She entered Bollywood without a godfather but actress Swara Bhaskar says her experience in the industry has been anything but nepotistic.
The 28-year-old actress agrees that there is an element of feudalism in the Hindi film industry but says she has never felt that people are prejudiced against her.
"Bollywood as an industry is based on relationships, it has always been star-driven and it has an element of feudalism. So, it would be difficult for an outsider but my experience of Bollywood is not nepotistic at all," Swara told PTI during a visit here.
"I think people, who have been most warm and nice are people like Karan Johar, Sonam Kpaoor and even Aditya Chopra. He has always been very responsive and helpful."
Swara's "Tanu Weds Manu" co-star Kangana Ranaut started the debate on nepotism by calling host Karan Johar the "flag bearer of nepotism" on his show, which led to a war of words between them.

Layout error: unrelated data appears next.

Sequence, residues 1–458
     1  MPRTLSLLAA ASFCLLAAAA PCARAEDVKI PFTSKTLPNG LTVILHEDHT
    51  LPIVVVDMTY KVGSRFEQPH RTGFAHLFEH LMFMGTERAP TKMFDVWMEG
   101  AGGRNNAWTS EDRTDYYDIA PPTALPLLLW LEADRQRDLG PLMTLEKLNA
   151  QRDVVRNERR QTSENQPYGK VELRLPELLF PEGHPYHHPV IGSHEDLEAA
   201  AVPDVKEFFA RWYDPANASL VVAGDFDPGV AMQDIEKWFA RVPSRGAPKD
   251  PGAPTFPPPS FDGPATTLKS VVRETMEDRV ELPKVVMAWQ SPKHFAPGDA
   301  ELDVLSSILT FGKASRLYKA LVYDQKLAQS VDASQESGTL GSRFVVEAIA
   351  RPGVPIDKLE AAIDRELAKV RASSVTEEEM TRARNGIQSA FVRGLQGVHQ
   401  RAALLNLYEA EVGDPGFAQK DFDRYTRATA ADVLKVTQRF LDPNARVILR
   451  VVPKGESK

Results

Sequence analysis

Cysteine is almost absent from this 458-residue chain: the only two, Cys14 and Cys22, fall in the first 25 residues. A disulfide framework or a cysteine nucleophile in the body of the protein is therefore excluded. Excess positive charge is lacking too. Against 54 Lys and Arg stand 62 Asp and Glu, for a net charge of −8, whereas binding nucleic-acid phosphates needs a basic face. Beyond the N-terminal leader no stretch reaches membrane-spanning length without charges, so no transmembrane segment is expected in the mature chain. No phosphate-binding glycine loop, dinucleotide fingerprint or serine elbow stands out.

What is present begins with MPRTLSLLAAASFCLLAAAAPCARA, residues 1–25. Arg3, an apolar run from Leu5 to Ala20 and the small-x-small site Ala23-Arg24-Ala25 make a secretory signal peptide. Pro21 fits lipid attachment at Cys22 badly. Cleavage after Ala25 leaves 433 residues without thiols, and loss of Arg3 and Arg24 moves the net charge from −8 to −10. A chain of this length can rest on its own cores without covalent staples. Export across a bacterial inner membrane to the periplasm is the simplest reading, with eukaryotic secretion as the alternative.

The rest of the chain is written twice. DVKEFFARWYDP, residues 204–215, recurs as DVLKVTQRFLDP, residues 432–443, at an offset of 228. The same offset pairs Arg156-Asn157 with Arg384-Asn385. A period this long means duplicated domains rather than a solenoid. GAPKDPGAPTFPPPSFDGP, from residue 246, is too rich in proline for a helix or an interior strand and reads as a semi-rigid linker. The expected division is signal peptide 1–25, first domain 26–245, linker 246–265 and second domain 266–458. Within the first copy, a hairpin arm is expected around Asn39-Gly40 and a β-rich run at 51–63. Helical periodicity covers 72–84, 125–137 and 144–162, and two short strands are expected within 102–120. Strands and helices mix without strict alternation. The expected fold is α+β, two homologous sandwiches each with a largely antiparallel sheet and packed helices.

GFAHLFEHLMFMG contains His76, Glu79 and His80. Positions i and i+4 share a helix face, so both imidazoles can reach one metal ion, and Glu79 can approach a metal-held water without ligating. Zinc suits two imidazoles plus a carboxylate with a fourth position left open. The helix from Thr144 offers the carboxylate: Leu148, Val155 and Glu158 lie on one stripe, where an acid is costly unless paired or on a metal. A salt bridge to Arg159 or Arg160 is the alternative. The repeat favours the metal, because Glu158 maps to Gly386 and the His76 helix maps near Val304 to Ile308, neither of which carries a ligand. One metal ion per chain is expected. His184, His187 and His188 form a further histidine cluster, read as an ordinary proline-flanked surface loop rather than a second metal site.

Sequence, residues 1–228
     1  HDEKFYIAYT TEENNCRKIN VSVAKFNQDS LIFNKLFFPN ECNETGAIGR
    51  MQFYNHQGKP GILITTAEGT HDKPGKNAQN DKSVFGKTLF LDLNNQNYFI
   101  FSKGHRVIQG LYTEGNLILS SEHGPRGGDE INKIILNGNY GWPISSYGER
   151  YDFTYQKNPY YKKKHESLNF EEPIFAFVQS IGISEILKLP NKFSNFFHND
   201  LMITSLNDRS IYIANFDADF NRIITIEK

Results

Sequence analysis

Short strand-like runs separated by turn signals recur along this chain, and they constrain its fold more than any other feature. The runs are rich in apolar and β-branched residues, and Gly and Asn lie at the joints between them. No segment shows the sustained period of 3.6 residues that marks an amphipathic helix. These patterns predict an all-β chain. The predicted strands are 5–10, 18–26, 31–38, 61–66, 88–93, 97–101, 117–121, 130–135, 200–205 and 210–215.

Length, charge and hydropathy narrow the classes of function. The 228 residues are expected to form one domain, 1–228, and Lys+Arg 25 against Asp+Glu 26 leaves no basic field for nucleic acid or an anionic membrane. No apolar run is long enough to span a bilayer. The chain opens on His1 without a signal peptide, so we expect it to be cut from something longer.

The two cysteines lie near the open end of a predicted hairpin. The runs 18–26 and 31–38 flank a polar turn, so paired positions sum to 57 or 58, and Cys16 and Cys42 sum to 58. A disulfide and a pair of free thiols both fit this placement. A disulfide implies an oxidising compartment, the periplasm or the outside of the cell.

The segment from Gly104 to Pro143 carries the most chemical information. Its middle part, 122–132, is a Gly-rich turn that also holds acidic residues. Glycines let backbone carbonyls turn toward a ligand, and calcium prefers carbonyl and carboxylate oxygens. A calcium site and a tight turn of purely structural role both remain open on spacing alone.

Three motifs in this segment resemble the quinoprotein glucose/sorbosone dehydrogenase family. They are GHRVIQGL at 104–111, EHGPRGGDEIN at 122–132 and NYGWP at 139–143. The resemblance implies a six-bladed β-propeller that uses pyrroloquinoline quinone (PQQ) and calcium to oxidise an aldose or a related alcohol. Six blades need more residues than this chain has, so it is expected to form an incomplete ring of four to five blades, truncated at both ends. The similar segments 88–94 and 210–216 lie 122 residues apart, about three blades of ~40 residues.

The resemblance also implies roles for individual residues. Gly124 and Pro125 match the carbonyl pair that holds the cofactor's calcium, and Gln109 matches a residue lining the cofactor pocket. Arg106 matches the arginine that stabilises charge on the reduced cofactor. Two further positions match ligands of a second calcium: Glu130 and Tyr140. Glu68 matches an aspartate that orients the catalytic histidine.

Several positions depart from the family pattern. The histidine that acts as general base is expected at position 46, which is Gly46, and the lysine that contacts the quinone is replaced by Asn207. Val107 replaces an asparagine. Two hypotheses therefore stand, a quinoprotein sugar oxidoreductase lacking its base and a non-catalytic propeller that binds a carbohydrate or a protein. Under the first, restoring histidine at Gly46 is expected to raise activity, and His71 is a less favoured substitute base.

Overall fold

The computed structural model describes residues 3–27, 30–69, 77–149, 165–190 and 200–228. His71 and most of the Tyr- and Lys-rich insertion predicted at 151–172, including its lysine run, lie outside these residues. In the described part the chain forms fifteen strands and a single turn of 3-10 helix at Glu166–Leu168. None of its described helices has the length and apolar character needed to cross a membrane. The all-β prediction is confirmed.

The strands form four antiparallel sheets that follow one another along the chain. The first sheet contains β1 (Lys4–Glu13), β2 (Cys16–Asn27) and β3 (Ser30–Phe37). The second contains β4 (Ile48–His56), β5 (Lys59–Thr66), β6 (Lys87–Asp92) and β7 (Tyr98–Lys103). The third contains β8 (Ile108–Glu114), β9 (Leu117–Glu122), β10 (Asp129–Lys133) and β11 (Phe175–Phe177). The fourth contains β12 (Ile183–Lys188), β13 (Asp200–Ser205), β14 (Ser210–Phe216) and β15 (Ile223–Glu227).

The actress says Johar has always been very helpful to her and even agreed to launch the poster of her upcoming film "Anarkali of Arrah" on social media.
"Since the whole nepotism debate is going on, I just want to say that Karan has been a revelation to me. He is an industry elite but he has been a wonderful surprise. He launched our film's poster despite me not knowing him personally."
Swara says though Johar could not come onboard as a distributor, he was supportive of the Avinash Das-directed movie.
"His tweet added a certain credibility and gave visibility to our film. He is a very busy man but he replied to all my messages. When he tweeted our poster, people thought I had paid him. All I want to say is, I can't afford to pay him."
Swara says she does not agree with people who judge directors based on who they cast.
"People should have the freedom to cast whoever they want to cast. If Avinashji wants to cast me, then he should not have the pressure to cast Alia Bhatt or Shraddha Kapoor.
"Similarly, if Karan Johar wants to cast Alia or Shraddha, he should have the freedom to do that. He should not be judged for that. Sometimes that much openness is needed.
(This story has not been edited by Business Standard staff and is auto-generated from a syndicated feed.)